Public Access

School Trust Lands in North Dakota, although not multiple use lands, are open to non-vehicular access by the public for recreational purposes (unless otherwise posted by the Department of Trust Lands, additional information below). Less than 1% of School Trust Lands are closed and/or have restricted access.

Respect the land - park your vehicle and walk. These lands are dedicated to producing income for the trusts. The current public access policy has been in place since 1983 and public access is only allowable if it does not conflict with the constitutional mandate to produce income for the trusts.  Access of School Trust Lands is at your own risk, NDDTL makes no representation concerning the condition, safety, or usability of the land and any improvements.


This applies to “established trails” or “two track trails” (etc.) on Trust Lands as well (unless otherwise marked; see the FAQ section for additional information). Only lessee(s) and NDDTL personnel, or individuals that have obtained proper written permission are authorized to drive on School Trust Lands for management purposes (lessees may not drive on the land while hunting). Legal access can be obtained via section lines and public roads but is not guaranteed.  In some cases, terrain and other natural obstructions may make access difficult.

  • Fee Hunting/Guiding/Dog Training 
  • Target shooting (including explosives)
  • Baiting and/or Feeding
  • Trapping (unless authorized by NDDTL) 
  • Camping nor campfires
  • Metal detecting
  • Removal of plants or plant parts for commercial or sale purpose, fossil collecting or removal of cultural artifacts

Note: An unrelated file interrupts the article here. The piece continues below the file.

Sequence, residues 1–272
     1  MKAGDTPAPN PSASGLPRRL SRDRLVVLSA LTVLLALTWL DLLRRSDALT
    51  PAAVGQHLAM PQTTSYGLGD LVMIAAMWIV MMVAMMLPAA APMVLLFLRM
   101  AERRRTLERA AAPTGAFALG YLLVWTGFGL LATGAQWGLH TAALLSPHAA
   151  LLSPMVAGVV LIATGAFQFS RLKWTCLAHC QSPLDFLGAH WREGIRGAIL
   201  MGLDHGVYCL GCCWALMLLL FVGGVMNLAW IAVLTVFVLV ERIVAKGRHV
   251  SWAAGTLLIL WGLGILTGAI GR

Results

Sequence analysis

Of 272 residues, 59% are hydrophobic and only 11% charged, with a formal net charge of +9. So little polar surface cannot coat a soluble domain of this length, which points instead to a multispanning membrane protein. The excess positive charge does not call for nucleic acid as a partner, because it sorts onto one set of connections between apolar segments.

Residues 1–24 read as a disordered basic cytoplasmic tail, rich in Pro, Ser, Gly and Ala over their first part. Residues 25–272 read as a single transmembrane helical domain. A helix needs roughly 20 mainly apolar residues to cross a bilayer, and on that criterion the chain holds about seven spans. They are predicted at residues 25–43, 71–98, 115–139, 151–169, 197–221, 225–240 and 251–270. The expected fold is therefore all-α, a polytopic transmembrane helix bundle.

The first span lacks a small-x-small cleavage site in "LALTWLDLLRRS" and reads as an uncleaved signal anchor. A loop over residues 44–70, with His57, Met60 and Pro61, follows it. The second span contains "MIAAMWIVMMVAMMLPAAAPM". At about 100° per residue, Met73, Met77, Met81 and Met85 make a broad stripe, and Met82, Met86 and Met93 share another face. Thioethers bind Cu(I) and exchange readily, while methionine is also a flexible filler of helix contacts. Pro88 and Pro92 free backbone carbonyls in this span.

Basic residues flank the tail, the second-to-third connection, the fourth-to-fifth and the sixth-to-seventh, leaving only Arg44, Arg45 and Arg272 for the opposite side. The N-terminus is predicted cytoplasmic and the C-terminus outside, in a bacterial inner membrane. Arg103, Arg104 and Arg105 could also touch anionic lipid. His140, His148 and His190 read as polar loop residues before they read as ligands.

• Smoking/Littering/Trash disposal
  • Beehives (unless authorized by NDDTL land lease)

  • Hiking
  • Bird watching
  • Berry picking (for personal consumption only)
  • Hunting
  • Fishing

Visit our Rights-of-Way page for special access permission for planned activities such as research work, large birding groups, etc. If in doubt whether an activity is allowable, please contact us or call NDDTL and request the Surface Management Division.


Posting & Restricted Access

Only signs furnished from the Department of Trust Lands can post School Trust Lands. 

Signs (see below) are available to lessees, free of charge, to post School Trust Lands. These signs must be requested by filling out the form provided below and renewed annually. Please allow a minimum of two weeks to receive signs.


  • School Trust Lands posted with this sign are closed to the public. 
  • Hunting is not allowed on Closed school trust land by anyone, including the lessee.
  • The signs are effective only for the listed dates on the sign.
  • Closed signs are not available if the tract of land is managed with a significant amount of other adjacent private, state or federal lands.
  • Closed signs may be issued when tracts of land have a known issue with trespass or public access violations.

Closed to Public Access Sign Example

  • School Trust Lands posted with this sign require lessee notification prior to anyone entering the land.